We are not persuaded by Glass Service's reliance on cases involving hotel reservations to support its assertion that the customer's appointments constituted contracts. The agreement to be bound that might exist in the context of hotel reservations is not necessarily present in other contexts in which reservations or "appointments" are made. For example, we do not believe people intend to be legally bound when they make reservations at a restaurant, or schedule appointments to have their car repaired, their hair cut, or their teeth checked. Nor is it likely that the providers of such services perceive the customers to be bound or intend to be legally bound themselves by scheduling appointments. Accordingly, we find the hotel reservation cases inapplicable to this case and conclude that making an appointment did not constitute a contract because neither party manifested an intent to be legally bound. See Peters, 420 N.W.2d at 912-13 (promise is offer only if made with intent to be legally bound).
Because Glass Service failed to present evidence establishing the existence of contracts with its customers, the trial court did not err in granting summary judgment on its claim against State Farm for tortious interference of contract. See Iacona, 521 N.W.2d at 72 (must establish existence of all essential elements of case to survive summary judgment).
2. Glass Service also argues that the district court erred in granting summary judgment on its claim for tortious interference with prospective business relations. To establish a claim for tortious interference with prospective business relations, "a plaintiff must prove the defendant intentionally committed a wrongful act which improperly interfered with the prospective relationship." Hunt v. University of Minn., 465 N.W.2d 88, 95 (Minn.App.1991) (citing United Wild Rice, Inc. v. Nelson, 313 N.W.2d 628, 633 (Minn. 1982)). Justification or privilege is a defense to a claim of tortious interference. Nordling v. Northern States Power Co., 478 N.W.2d 498, 506 (Minn.1991).
We conclude that State Farm was justified in advising its insureds about policy limitations because of its contractual relationship. State Farm's insurance policies only obligate it to reimburse insureds for the "prevailing competitive price" for glass repair based upon "prices charged by a substantial number of repair facilities in the area * * * as determined by a survey." Because Glass Service's prices typically exceed what State Farm has determined by a survey to be the prevailing competitive price, State Farm is not obligated under the policy to pay the excess. State Farm was justified in informing insureds of this policy limitation and in suggesting alternative vendors whose charge would be fully covered under the policy. See Minn.Stat. § 72 A. 201, subd. 4(5) (making it an unfair claims practice to fail to notify an insured of all available benefits which the insured may be eligible to receive); see also DeBonaventura v. Nationwide Mut. Ins. Co., 419 A.2d 942, 951 (Del.Ch.1980) (holding no improper interference with prospective business opportunity of repair shops by directing insureds to preferred shops or informing them they would otherwise have to pay difference).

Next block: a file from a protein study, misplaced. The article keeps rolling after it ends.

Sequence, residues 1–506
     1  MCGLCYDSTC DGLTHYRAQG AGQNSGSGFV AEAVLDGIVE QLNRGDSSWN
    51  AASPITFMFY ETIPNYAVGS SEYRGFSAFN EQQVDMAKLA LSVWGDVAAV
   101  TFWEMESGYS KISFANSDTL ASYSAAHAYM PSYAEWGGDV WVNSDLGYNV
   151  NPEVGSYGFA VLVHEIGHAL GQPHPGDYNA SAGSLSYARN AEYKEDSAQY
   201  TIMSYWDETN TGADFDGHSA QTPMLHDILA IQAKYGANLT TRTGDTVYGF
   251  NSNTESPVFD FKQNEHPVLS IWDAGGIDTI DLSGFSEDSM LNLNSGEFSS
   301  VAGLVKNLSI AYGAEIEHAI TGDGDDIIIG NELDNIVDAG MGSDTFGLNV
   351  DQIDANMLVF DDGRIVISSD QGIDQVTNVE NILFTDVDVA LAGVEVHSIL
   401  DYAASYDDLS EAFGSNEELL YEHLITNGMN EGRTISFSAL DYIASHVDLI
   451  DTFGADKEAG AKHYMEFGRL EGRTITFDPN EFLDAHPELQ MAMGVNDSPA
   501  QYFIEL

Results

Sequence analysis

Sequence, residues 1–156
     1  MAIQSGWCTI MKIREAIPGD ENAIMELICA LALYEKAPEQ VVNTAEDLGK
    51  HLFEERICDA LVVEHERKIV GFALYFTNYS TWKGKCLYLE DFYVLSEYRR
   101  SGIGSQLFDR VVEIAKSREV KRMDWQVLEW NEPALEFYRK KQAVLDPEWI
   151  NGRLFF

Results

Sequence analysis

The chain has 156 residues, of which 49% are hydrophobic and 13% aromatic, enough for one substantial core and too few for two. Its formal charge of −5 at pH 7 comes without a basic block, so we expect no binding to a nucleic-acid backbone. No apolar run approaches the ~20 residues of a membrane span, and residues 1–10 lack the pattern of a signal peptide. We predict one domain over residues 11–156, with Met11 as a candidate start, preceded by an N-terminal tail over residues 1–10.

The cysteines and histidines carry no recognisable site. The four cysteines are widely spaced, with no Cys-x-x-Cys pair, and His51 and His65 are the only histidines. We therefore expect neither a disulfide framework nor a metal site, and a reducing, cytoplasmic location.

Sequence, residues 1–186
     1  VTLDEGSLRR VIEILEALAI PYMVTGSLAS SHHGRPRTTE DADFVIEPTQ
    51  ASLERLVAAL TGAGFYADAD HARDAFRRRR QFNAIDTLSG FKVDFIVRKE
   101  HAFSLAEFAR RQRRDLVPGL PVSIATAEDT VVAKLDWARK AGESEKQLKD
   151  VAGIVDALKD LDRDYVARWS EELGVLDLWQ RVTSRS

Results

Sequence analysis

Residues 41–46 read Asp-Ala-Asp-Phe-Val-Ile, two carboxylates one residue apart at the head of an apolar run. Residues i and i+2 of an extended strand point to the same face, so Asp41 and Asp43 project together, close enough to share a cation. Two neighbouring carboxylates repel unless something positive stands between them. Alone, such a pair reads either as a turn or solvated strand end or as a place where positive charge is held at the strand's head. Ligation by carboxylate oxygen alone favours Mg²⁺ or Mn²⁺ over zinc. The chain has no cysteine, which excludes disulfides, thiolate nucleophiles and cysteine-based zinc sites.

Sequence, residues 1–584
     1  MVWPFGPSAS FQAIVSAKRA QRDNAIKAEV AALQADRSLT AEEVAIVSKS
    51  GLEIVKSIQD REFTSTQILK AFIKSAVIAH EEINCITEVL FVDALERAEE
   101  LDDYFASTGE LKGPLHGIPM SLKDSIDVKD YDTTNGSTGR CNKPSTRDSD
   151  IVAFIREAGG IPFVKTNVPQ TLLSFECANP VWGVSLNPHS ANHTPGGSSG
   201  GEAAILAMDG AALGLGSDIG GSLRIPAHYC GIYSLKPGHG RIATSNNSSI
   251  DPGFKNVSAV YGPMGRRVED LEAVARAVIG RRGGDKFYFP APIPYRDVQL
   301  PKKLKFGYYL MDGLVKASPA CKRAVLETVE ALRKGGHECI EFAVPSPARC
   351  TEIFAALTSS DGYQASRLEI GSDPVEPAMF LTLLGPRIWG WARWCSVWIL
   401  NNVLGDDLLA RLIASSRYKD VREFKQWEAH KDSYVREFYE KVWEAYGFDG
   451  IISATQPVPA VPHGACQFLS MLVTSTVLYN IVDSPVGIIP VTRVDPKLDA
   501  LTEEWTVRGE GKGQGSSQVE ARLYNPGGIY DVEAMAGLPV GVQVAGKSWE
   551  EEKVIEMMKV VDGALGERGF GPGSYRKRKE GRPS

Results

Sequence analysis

Moreover, State Farm's representations to its insureds of potential liability for repair costs if Glass Service was used were not improper because they were not false. See Restatement (Second) of Torts § 772 cmt. b (1979) (no liability for interference on part of one who merely gives truthful information to another). State Farm's obligation to pay for glass repair and replacement under its policies was limited and Glass Service required customers to sign an invoice agreeing to pay for work the insurance company was not required to cover. Glass Service continued to require this commitment even after it *872 represented to State Farm that it did not intend to make customers pay any price difference. Based on the policy limitations and commitment required by Glass Service, it was possible that customers might be liable for some repair costs and thus, State Farm did not improperly interfere with Glass Service's prospective contractual relations by informing insureds of that potential liability. See id.